BOURBONNAIS – It’s one thing for a veteran to say nice things about a rookie when there are cameras and notebooks around.
It’s another for that same veteran to say the same nice things when he’s walking off the field, talking to fellow old-timers.
Still, the unwritten rules of the training camp – a place where the experienced would rather give up cash than compliments – haven’t mattered to John Tait when it comes to Greg Olsen. On Thursday, the offensive tackle didn’t deny a rumor he’d been overheard giving – gasp! – praise to the rookie tight end while the rest of the offensive line listened.
So how, pray tell, did the first-round pick from Miami earn such an immediate honor?
Did Olsen agree to carry Tait’s bags for the season?
Did he offer to act as a Halas Hall chauffeur?
Olsen just showed up and went to work.
“Rookies should be seen and not heard, and that’s what he’s done,” said Tait, a nine-year veteran. “He just comes to work and acts like he belongs. It’s like he’s never seen this as overwhelming. He just fit in right away.
“Some guys have trouble with that, but Greg hasn’t seemed to have any trouble at all.”
If you’re a Bears fan, that has to be comforting to hear. Since being drafted with the 31st pick, the 6-foot-5, 254-pound Olsen has been hailed as a franchise tight end, a short-route threat who will right Rex Grossman’s wrongs and summon memories of Mike Ditka – the player. There has been so much early hype that it’s been OK to wonder if Olsen might end up on the injured reserve list with a case of “swollen ego.”
But at this point, that has not been a remote possibility, which comes as a slight surprise considering Olsen hails from the same Miami tight end lineage that produced Jeremy Shockey and Kellen “I’m a Soldier” Winslow.
From the moment Olsen reported to camp – he was on time, by the way – he’s said the right things and shown the right attitude to work on his problem areas, rush-blocking in particular. Now that he’s been here for a few weeks, he’s getting more comfortable with his spot on the team, all while being careful not to upset a delicate situation at tight end with veterans Desmond Clark and John Gilmore.
That’s an effort not lost on Grossman, who found Olsen for a much-celebrated 5-yard pass on the first play from scrimmage in Saturday’s preseason game against Houston. On the first drive, the new duo completed two passes for 17 yards.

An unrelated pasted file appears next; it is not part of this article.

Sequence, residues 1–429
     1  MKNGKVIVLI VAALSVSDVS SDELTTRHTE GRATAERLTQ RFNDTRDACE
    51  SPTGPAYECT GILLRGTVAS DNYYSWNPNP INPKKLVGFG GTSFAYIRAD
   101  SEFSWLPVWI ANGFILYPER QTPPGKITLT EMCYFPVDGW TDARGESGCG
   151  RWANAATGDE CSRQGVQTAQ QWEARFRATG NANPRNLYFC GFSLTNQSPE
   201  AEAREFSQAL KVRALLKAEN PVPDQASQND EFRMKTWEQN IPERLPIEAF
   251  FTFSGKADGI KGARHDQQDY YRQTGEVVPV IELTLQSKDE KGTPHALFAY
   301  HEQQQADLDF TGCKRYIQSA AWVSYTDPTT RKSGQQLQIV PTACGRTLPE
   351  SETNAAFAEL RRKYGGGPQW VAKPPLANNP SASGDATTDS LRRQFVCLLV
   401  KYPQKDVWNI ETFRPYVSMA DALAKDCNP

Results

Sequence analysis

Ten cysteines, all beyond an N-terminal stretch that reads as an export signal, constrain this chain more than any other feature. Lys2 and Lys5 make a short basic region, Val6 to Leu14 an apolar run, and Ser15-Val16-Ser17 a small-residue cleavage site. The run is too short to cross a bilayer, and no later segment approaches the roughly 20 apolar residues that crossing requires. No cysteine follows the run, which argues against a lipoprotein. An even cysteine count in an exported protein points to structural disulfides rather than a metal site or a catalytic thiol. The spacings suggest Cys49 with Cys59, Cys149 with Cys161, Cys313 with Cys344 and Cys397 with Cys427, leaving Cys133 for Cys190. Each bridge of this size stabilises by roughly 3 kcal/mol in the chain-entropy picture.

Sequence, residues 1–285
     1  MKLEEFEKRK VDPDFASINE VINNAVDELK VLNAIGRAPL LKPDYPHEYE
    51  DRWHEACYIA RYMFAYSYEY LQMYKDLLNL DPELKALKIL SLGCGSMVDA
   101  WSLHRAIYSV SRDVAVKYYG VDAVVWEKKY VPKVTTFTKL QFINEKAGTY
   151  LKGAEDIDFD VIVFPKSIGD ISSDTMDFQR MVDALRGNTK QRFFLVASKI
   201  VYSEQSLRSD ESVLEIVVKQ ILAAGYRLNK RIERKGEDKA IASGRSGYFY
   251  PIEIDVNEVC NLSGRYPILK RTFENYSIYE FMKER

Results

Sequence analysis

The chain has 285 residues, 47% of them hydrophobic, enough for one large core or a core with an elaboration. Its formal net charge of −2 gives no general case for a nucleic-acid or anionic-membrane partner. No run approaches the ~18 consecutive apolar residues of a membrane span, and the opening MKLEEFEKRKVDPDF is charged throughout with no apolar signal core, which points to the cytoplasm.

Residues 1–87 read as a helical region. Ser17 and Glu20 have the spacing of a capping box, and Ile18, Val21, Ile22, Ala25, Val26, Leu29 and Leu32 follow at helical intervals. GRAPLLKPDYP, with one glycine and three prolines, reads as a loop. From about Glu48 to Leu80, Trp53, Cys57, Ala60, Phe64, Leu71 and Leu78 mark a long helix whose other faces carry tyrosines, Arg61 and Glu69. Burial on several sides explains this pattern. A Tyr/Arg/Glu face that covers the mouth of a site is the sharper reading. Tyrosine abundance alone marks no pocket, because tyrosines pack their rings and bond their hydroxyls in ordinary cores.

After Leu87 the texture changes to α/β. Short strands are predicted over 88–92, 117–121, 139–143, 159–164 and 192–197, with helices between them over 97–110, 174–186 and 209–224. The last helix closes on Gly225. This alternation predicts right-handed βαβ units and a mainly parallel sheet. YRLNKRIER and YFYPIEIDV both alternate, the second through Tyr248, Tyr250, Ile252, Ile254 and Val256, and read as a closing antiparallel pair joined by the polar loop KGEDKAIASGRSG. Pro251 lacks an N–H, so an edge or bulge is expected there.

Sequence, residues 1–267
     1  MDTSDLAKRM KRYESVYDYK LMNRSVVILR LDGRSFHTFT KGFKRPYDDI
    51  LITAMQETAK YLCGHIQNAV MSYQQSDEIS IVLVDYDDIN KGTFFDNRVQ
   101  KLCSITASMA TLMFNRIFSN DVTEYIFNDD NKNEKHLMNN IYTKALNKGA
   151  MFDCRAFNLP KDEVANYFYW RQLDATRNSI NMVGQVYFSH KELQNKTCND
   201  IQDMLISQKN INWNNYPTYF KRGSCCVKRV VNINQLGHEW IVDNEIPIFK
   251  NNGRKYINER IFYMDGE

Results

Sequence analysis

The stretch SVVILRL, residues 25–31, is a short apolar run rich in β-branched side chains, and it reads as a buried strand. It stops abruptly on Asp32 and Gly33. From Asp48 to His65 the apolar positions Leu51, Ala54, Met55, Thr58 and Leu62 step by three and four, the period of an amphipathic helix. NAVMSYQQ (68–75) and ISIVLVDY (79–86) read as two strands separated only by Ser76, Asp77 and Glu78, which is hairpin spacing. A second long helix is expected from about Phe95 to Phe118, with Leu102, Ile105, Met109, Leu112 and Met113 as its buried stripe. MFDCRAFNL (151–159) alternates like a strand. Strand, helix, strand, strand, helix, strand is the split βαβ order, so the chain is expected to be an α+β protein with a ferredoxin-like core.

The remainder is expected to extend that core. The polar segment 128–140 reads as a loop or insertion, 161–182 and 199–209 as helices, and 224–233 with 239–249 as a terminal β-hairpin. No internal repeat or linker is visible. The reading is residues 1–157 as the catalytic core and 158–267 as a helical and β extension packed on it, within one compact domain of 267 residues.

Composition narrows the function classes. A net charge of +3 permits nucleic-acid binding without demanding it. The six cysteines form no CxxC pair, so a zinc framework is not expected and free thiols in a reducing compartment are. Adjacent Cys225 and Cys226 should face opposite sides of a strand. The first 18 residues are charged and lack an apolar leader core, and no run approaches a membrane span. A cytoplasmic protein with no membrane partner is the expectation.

“You definitely have to find your spot in your first year,” Grossman said. “You have to fit in at the same time as trying to play well and feel confident about what you’re doing. I think he’s done a good job with that.”
While Olsen might be earning early high marks from teammates, fans and media, there’s no denying he is in a difficult situation.
Sure, it’s true Olsen has been spared a lot of the public skepticism that traditionally greets a first-round pick when he arrives in Chicago. The last time anyone was this optimistic about an unproved commodity was when the Cubs drafted Mark Prior out of USC.
At the same time, Olsen is earning the name tag of most-anticipated offensive weapon this side of Devin Hester.
“I’m not too worried about the expectations because I’m expecting so much from myself,” Olsen said Thursday. “They’re not a concern because I know I’m already going to work hard.”
He’s already well aware of the pressure because Olsen said that Ditka’s name is brought up in every single interview he does. He doesn’t mind the comparison, figuring there are much worse players he could be compared to.
But the role as an offensive force, as he soon will learn, is a lot to live up to in a football-mad city. Playing a key role on the defending NFC champions won’t be easy, either.
Still, Olsen is managing to impress a group of guys who are not supposed to be easily impressed. That has to be worth some early praise.
“Whether you play or not your rookie year, it’s hard to adjust to the pros,” Tait said. “But I think Greg is headed in the right direction.”
– Kevin Kaduk is the Kane County Chronicle’s sports columnist. Write to him at email@example.com. For more, read his blog, “Duk’s Calls,” at KCChronicle.com/kaduk.